Legal challenge mounted against Home Secretary over 'derisory' pay award

The Police Federation of England and Wales (PFEW) has launched legal proceedings against the Home Office that could lead to a judicial review of the Home Secretary’s decision not to honour the recommendations of the Police Remuneration Review Body (PRRB).  

Oct 4, 2018
By Joe Shine
PFEW Chair John Apter

In July, the PRRB’s three per cent pay rise recommendation was ignored for a second year in a row, and the Government opted for two per cent instead.   

However, the increase is effectively just a one per cent uplift as part of last year’s non-consolidated pay award ended in August.  

Although a leaked document revealed that Sajid Javid proposed implementing the recommendation in full to Prime Minister Theresa May, the PFEW said it was ultimately down to the Home Secretary to officially make the decision.  

PFEW chair John Apter said that in response to this “betrayal” and based on legal advice, solicitors have been instructed to begin judicial proceedings against Mr Javid on the basis that he stated that the pay award was a government decision and not his alone.   

“For the second successive year the Home Office has cheated police officers out of the pay increase they should receive; this year officers being awarded a derisory two per cent increase, despite the recommendation of the PRRB that it should be three per cent,” he added.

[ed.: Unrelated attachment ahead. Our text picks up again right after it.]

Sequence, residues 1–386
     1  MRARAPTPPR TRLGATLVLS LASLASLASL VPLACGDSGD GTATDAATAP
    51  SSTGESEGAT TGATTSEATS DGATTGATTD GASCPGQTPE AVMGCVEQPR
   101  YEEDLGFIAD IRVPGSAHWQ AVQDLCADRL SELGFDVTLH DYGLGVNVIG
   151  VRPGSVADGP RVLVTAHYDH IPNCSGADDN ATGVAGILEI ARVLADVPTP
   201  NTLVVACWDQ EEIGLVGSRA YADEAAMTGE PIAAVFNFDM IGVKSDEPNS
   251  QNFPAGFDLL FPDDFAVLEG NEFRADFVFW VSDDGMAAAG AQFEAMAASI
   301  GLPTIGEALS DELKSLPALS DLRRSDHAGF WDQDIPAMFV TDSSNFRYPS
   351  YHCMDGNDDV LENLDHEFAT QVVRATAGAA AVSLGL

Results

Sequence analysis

“Police officers must be treated fairly and have confidence that any independent pay recommendations will be accepted in full by the Home Secretary.  

“I know the deep sense of anger felt by many of our members about the way they have been treated. This is why we have taken this action and make no apology for doing so.   

“Doing nothing was simply not an option and it is right and proper that we challenge this unfairness legally.”

A Home Office spokesperson said the police pay award is the “highest consolidated pay award since 2010”, adding that the number of people joining the police service is at a ten-year high, which “demonstrates policing is still a desirable and sought-after career”.

“We are unable to comment, however, on potential future legal proceedings,” it added.

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